Perforation plates — simple or scalariform including number of bars or other types Intervessel pits arrangement and size intervessel pits scalariform or opposite or alternate or polygonal intervessel pits minute or small or medium or large range of intervessel pit size Vestured pits present Vessel ray pitting with distinct borders or with much reduced borders, pits rounded or angular or with much reduced borders, pits horizontal to vertical or of two distinct sizes or types in the same ray cell or pits unilaterally compound and coarse (over 10 pm) or pits restricted to marginal rows Spiral thickenings present throughout body of vessel element or only in vessel element tails or only in narrower vessel elements Mean tangential diameter of vessel lumina " 50 pm or 50—100 pm or 100—200 pm or > 200 pm vessels of two distinct diameter classes, wood not ring-porous Vessels per mm2 - " 5 or 5-20 or 20-40 or 40-100 or > 100 Mean vessel element length - " 350 pm or 350-800 pm or > 800 pm Tyloses and deposits in vessels tyloses common or sclerotic or gums and other deposits in heartwood vessels Wood vessel-less

3 Tracheids and fibres

Vascular/vasicentric tracheids present Ground tissue fibres with simple to minutely bordered pits with distinctly bordered pits fibre pits common in both radial and tangential walls spiral thickenings in ground tissue fibres Septate fibres and parenchyma-like fibre bands septate fibres present or non-septate fibres present parenchyma-like fibre bands present Fibre wall thickness - very thin-walled or thin- to thick-walled or very thick-walled Mean fibre lengths - " 900 pm or 900-1600 pm or > 1600 pm

4 Axial parenchyma

Axial parenchyma absent or extremely rare

Apotracheal axial parenchyma - diffuse or diffuse-in-aggregates

Paratracheal parenchyma - scanty or vasicentric or aliform or confluent or unilateral

Banded parenchyma - more than three cells wide or narrow bands up to three cells wide or reticulate or scalariform or marginal

Axial parenchyma cell type/strand length - fusiform or three to four cells per strand or five to eight cells per strand or more than eight cells per strand or unlignified

5 Rays

Ray width - rays exclusively uniseriate or one to three cells wide or larger rays commonly four to ten seriate or larger rays commonly more than 10 seriate or rays with mulitseriate portion as wide as uniseriate portion Aggregate rays present Ray height greater than 1 mm Rays of two distinct sizes Cellular composition of rays all cells procumbent all cells upright and/or square body ray cells procumbent with one row of upright and/or square marginal cells body ray cells procumbent with mostly two to four rows of upright and/or square marginal cells continued body ray cells procumbent with over four rows of upright and/or square marginal cells rays with procumbent, square and upright cells mixed throughout the ray Sheath cells present Tile cells present Perforated ray cells present Disjunctive ray parenchyma cell walls present Ray per mm — " 4/mm or 4—12/mm or > 12/mm Wood ray-less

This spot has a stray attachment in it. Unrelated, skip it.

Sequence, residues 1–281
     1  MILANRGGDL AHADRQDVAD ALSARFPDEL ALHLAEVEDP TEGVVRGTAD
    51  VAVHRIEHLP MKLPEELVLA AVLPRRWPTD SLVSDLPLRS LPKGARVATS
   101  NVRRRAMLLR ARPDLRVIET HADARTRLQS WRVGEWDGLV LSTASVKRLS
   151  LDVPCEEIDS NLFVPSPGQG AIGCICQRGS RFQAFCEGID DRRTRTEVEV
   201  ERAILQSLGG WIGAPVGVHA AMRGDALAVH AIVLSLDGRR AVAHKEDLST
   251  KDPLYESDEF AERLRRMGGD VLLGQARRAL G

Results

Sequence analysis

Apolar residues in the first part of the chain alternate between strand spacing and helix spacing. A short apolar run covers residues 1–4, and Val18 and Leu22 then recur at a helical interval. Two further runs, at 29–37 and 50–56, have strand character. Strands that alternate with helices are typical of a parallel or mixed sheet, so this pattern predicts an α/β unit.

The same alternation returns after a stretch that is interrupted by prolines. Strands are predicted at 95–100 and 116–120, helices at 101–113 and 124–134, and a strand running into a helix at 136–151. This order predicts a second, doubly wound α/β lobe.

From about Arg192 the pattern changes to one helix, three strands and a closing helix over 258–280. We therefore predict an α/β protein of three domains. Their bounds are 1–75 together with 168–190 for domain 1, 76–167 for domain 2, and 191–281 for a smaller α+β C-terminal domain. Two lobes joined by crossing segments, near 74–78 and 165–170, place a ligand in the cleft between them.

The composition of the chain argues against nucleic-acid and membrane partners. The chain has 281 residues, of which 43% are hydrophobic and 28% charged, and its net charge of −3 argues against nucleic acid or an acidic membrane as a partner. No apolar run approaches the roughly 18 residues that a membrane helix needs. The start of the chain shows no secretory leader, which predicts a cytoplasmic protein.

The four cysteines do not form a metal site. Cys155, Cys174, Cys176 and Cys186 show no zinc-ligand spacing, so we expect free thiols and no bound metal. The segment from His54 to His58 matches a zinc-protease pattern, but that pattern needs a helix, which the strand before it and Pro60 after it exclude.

6 Storied structure

All rays storied

Low rays storied, high rays non-storied

Axial parenchyma and/or vessel elements storied

Fibres storied

Rays and/or axial elements irregularly storied Number of ray tiers per axial mm

7 Secretory elements and cambial variants

Oil and/or mucilage cells associated with ray parenchyma or associated with axial parenchyma or present among fibres Intercellular canals axial canals in long tangential lines or short tangential lines or diffuse radial canals intercellular canals of traumatic origin Tubes or tubules present

Cambial variants — included concentric phloem or included diffuse phloem or other

8 Mineral inclusions

Prismatic crystals present — in upright and/or square ray cells or in procumbent ray cells or in radial alignment in procumbent ray cells or in chambered upright and/or square ray cells or in non-chambered axial parenchyma cells or in fibres

Druses present in ray parenchyma cells or in axial parenchyma cells or in fibres or in chambered cells Other crystal types — raphides or acicular crystals or styloids and/or elongate crystals or crystals of other shapes or crystal sand

Other diagnostic crystal features — more than one crystal of about the same size per cell or chamber or two distinct sizes of crystal per cell or chamber or crystals in enlarged cells or crystals in tyloses or cystoliths Silica

Silica bodies present — in ray cells or in axial parenchyma cells or in fibres Vitreous silica present Non-anatomical information

Geographical distribution

Specific gravity — low or medium or high

Heartwood colour

Odour

Heartwood fluorescence

Water and ethanol extracts — fluorescence and colour Froth test

Chrome Azurol-s test Burning splinter test

Source: Derived from Wheeler, Baas and Gasson (eds) (1989) IAWA list of microscopic features for hardwood identification, IAWA Bulletin, 10 (3), 219—332

In the walnut genus, Juglans, two important microscopic features — crystals in longitudinal parenchyma cells and reticulate thickenings, (called gash-like pits) on some vessel walls — provide a positive separation of North American black walnut (juglans nigra) from European walnut (Juglans regia) (Figure 2.11).

Table 2.2 lists the features used for accurate microscopic identification of hardwoods. These features are extensively described by Brazier and Franklin (1961), Core et al. (1979), Grosser (1977), Hoadley (1990), Panshin and deZeeuw (1980), Phillips (1960), and Schweingruber (1982, 1990). The quarterly bulletin of the International Association of Wood Anatomists (IAWA) provides excellent up-to-date information on microscopic features, reviews of botanical families, book reviews and articles on wood anatomy.

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Wood Working for Amateur Craftsman

Wood Working for Amateur Craftsman